June 2015
Volume 56, Issue 7
Free
ARVO Annual Meeting Abstract  |   June 2015
Visual Sensory And Motor Function In Children With Polymicrogyria; Relationship To Neuroimaging
Author Affiliations & Notes
  • John P Kelly
    Ophthalmology OA.6.293, Seattle Children's Hospital, Seattle, WA
    University of Washington, Seattle, WA
  • Avery H Weiss
    Ophthalmology OA.6.293, Seattle Children's Hospital, Seattle, WA
    University of Washington, Seattle, WA
  • Gisele Ishak
    Seattle Childrens Hosp., Seattle, WA
  • James O Phillips
    Seattle Childrens Hosp., Seattle, WA
    University of Washington, Seattle, WA
  • Footnotes
    Commercial Relationships John Kelly, None; Avery Weiss, None; Gisele Ishak, None; James Phillips, None
  • Footnotes
    Support None
Investigative Ophthalmology & Visual Science June 2015, Vol.56, 4265. doi:
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      John P Kelly, Avery H Weiss, Gisele Ishak, James O Phillips; Visual Sensory And Motor Function In Children With Polymicrogyria; Relationship To Neuroimaging. Invest. Ophthalmol. Vis. Sci. 2015;56(7 ):4265.

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      © ARVO (1962-2015); The Authors (2016-present)

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Abstract

Purpose: Examine visual acuity, visual evoked potentials (VEP) and oculomotor performance with neuroimaging in children with cortical migration defects (polymicrogyria or PMG).

Methods: Fifteen children with PMG (0.4 - 4 yrs age) were compared to age matched controls. PMG was documented by MRI (T1, inversion recovery, T2, FLAIR, diffusion and gradient echo sequences). Acuity was assessed Teller acuity cards and converted to age corrected log minimum angle of resolution (logMAR). Pattern VEPs were recorded to reversing checks and onset-offset of sinewave gratings.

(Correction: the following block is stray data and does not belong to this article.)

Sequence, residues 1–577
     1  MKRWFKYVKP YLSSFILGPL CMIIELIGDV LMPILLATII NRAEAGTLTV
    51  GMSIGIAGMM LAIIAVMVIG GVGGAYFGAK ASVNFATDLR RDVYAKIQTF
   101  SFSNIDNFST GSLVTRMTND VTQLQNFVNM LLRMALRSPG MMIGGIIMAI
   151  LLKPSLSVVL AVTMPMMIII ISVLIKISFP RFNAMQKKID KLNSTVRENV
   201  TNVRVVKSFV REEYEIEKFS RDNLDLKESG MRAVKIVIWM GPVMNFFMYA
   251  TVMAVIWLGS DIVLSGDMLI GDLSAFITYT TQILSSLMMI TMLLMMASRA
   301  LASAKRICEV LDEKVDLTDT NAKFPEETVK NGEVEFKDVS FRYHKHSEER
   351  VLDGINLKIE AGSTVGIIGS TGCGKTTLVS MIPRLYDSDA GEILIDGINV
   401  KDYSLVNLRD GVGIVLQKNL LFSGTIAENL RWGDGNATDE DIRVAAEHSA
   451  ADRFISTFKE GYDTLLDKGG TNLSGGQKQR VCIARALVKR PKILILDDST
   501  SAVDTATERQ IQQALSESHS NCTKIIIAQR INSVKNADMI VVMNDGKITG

Results: PMG was bilateral in all children but had varied involvement of the fronto-parietal and temporal lobes. Nine of 15 children had PMG involvement that included the occipital lobe. All had developmental delay, neurologic deficits, or seizures. At presentation, age-corrected visual acuity was normal in 5 (33%) children ( 20/40 or better Snellen equivalent for age) and was mildly to severely reduced in the remaining 10 children (average 20/200 Snellen equivalent for age). Average visual acuity was not significantly different between children with and without involvement of the occipital lobe (log MAR 0.8 vs 0.7, respectively; p = 0.49). Two infants without visual behaviors had a detectable VEP response. Children with PMG involving the occipital lobe had significantly lower VEP amplitude and signal-to-noise ratios compared to children without occipital lobe involvement. Three of 3 children with CMV related PMG had normal visual acuity and preserved VEP responses despite significant MRI abnormalities. Visual acuity did not significantly improve with age in 9 children at last follow-up.

Conclusions: All children with PMG had measurable visual function. Two children with no visual behaviors had reproducible VEPs indicating a defect in sensorimotor transformation. Three of 5 children with normal visual acuity had CMV related PMG. Visual acuity cannot be predicted by the presence of PMG in the occipital lobe.

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